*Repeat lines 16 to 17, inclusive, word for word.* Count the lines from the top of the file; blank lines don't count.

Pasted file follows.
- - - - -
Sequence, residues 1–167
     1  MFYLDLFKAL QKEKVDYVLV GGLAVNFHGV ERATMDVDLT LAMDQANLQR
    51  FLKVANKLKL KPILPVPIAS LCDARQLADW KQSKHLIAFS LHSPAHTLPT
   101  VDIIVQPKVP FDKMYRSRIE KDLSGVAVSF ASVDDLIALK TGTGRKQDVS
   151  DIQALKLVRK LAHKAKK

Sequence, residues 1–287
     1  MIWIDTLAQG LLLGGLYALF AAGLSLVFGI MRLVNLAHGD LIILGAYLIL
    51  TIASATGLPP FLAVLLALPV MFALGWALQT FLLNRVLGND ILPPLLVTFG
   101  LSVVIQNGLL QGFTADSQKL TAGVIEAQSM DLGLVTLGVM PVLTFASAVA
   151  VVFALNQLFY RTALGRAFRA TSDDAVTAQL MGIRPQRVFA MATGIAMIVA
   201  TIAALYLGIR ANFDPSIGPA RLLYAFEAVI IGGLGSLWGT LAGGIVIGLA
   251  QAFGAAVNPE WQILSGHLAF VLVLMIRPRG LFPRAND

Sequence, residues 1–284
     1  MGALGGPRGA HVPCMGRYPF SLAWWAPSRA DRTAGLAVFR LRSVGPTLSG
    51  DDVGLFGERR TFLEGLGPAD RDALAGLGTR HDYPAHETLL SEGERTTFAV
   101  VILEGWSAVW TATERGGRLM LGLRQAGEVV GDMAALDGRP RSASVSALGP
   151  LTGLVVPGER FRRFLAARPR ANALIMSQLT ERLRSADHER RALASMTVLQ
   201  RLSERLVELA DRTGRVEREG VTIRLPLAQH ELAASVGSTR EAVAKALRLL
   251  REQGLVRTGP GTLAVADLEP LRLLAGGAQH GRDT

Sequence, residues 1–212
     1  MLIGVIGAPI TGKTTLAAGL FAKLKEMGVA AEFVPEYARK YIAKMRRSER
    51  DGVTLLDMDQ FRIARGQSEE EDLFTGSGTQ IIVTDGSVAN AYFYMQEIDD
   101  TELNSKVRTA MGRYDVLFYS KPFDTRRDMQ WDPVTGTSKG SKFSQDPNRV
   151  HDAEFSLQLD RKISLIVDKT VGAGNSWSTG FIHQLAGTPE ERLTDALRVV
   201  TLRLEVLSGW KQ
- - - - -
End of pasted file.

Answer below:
   101  VILEGWSAVW TATERGGRLM LGLRQAGEVV GDMAALDGRP RSASVSALGP
   151  LTGLVVPGER FRRFLAARPR ANALIMSQLT ERLRSADHER RALASMTVLQ